( Photo via Facebook)
While handing me Karen Armstrong’s book “A History of Jerusalem,” my Jordanian colleague said, “Start from the eighth chapter, the earlier chapters are irrelevant.” Like many Arabs, my colleague has never been interested in the early history of the holy city. He said, “Why should we be? The modern history is more relevant to the city.”
The perpetual turmoil in the city comes from all sides choosing to have a selective memory. Arabs want to ignore the city’s ancient history, which is largely a Jewish history. This Arab indifference is equally matched by Jewish bias against the Arab and Muslim history of the city. In other words, both choose to consider ____ and twist ____ half the story of the holy site and ignore the other half. Historical illiteracy does not help in any political fight; in fact it only creates strife.
This mindset on both sides of selectivity and indifference fuels the current tension regarding sanctuary at the Al-Aqsa mosque versus the right of Jews to pray inside the Temple Mount. Ironically, both sides cover and report the recent tension in the Temple Mount in a similar, selective way. Israeli media reported on October 29th how a prominent U.S.-born right-wing activist, who campaigned for greater Jewish access to the Temple Mount was seriously wounded in a Jerusalem shooting. Meanwhile Arabic and Turkish media stressed later clashes on November 5th between Israeli police, settlers and Palestinians at the al-Aqsa mosque.
Tracing a logical, accurate sequence of events in any news related to Jerusalem is always a difficult task. Nonetheless, the basic story here is that Jewish religious groups see the compound as their holy site, and want to lift the ban forbidding Jewish prayer inside. In contrast, Palestinian inhabitants see this group as invaders who want to disrupt the sanctuary of the holy Muslim site. This is a recipe for an explosive environment that can flare up at any time.
The Arab and Muslim responses to Israeli ambitions towards the Temple Mount is rather alarming. It is mainly emotional, and lacks a clear strategy or future plan for any type of resolution. It is understandable how images of the Quran thrown on the floor of the Al-Aqsa Mosque have angered many. It is also understandable that it triggered widespread condemnation from Muslim countries, including Turkey. President Erdogan described the Israeli actions as barbaric, a response that may appeal to the Turkish’s president domestic audience, but will hardly trouble Israel. Jordan’s recall of its envoy to Israel was more effective and forced Netanyahu to work harder to calm the situation within Israel. There is an urgent need, however, for a broader approach to the religious as well as the political side of the dispute.
First, it is rather pointless for Arabs and Muslims to deny the ancient history of the Temple Mount. It is not up to us to decide where Jews should have their holy site. If Jews view the Temple Mount compound as holy to them, so be it. Acknowledging the religious importance of the site to the Jews would be a smart move, as it will strip right-wing Israelis from their fundamental portrayal of Arabs as thieves of history.
In addition, although Muslims label the Western wall of the Temple Mount as the “Buraq wall,” where the Prophet Mohamed landed during his night visit to the city, there is no need to ignore the ancient history of the wall. Jews believe it is the remaining part of their destroyed Temple. The Prophet did not build the wall, it existed before him, and there are many reliable historical sources that prove how Jews used to pray at that site, even after the destruction of the Temple, and well before the rise of Islam.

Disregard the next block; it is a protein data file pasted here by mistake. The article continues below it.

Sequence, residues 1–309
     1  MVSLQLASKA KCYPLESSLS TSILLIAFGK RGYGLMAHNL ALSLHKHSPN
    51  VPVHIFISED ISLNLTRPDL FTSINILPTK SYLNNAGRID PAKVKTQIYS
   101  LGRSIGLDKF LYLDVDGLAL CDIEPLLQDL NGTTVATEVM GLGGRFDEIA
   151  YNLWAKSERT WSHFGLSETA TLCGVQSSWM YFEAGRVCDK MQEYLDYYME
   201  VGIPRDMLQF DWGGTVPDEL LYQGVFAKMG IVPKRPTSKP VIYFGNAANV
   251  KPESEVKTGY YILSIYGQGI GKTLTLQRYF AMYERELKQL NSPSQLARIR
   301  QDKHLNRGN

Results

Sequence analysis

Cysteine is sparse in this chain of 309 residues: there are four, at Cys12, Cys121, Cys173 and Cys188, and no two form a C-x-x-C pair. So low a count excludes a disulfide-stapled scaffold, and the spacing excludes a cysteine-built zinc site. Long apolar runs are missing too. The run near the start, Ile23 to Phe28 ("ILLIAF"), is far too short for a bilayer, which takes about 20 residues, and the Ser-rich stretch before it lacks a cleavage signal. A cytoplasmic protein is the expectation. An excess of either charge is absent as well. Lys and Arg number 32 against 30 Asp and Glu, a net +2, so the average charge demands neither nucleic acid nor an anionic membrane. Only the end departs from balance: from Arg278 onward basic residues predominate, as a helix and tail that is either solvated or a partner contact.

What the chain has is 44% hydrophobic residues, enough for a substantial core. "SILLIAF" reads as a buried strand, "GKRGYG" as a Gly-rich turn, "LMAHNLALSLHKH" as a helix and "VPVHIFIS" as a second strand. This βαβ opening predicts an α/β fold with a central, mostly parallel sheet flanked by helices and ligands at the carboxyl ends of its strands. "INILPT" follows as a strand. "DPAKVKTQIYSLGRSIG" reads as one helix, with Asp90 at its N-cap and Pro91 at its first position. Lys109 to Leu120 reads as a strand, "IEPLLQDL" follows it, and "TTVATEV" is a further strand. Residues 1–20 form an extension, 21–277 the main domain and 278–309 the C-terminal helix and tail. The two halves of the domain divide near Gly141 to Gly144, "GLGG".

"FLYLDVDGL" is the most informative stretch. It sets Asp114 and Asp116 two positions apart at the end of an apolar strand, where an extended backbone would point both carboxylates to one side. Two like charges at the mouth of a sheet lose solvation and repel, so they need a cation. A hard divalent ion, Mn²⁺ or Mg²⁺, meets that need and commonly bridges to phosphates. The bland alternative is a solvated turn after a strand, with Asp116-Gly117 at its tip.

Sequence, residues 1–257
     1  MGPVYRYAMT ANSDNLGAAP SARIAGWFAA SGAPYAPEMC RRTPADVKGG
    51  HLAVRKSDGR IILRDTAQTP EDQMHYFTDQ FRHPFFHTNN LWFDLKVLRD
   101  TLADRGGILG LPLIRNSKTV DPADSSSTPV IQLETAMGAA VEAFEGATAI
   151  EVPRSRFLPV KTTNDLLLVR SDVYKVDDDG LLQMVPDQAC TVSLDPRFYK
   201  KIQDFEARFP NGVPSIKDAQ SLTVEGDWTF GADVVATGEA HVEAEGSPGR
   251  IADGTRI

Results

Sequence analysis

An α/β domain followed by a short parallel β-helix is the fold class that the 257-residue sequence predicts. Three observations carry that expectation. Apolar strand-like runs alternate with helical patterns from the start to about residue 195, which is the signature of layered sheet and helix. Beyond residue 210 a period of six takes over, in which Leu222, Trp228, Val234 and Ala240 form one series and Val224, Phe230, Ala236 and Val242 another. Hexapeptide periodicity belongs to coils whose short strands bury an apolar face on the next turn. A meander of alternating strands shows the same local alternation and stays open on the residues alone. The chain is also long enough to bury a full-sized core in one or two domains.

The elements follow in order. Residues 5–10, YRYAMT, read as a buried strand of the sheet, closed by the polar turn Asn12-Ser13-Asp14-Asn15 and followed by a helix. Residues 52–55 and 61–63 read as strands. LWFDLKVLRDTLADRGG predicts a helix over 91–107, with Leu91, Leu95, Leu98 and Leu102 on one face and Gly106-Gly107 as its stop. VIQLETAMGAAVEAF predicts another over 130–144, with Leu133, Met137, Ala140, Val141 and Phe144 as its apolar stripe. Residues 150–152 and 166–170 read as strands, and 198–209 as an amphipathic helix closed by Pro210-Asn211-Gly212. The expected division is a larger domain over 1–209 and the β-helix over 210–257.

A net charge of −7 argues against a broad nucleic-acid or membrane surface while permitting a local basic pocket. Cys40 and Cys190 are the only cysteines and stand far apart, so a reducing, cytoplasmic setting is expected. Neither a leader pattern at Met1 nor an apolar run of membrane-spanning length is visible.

On the other hand, Israelis needs to remember that their ancient history was not a perfect example of religious tolerance. Following their return from exile in Babylon, Jews excluded foreign wives and children from the membership of Israel, a harsh reminder how the holy city was in many occasions, a city of intolerance, just as in her current, modern time.
Second, acknowledging history does not necessarily mean conceding to demands for prayers at the holy site. Arabs should highlight to the world their part of the story. The Romans destroyed the second Temple hundreds of years before the Arab conquest of the city ___ a fact that Arabs should continue to elaborate and emphasize to the world after showing empathy and sympathy to Jewish claim. Christian rulers, whether in the Byzantine or crusader era, were much more unkind to the Jews than Muslims. According to the Jewish virtual library, the whole Temple Mount area was badly desecrated and was only cleared and restored after Muslim conquest.
Third, while it is smart to acknowledge the ancient Jewish history of the compound, it is also crucial to highlight the current misery of Jerusalem and the failure to achieve peace. East Jerusalem, including the Temple Mount, has technically been occupied land since 1967. Israel bars Palestinians below the age of 50 from praying in al-Aqsa. Security barriers in the West Bank prevent more Palestinians from reaching the holy compound. How can Israelis expect Palestinians to be more understanding while they live under such occupation? Arabs should remind the world how under their rule, the great Jewish scholar Maimonides visited the Temple Mount in 1165. That was an era of harmony and peace, unlike today’s tension and injustice. Israel must understand that the political deadlock compounds tension and does not leave any room for religious tolerance. Peace would strip radicals on both sides from abusing religion for political gains.
As such, I did not follow my colleague’s advice, and started reading the book as it should be read, from page one. It was an eye-opener. As Armstrong poignantly pointed out, “the history of Jerusalem reminds us that nothing ___ not even mortal hatred ___ is permanent.”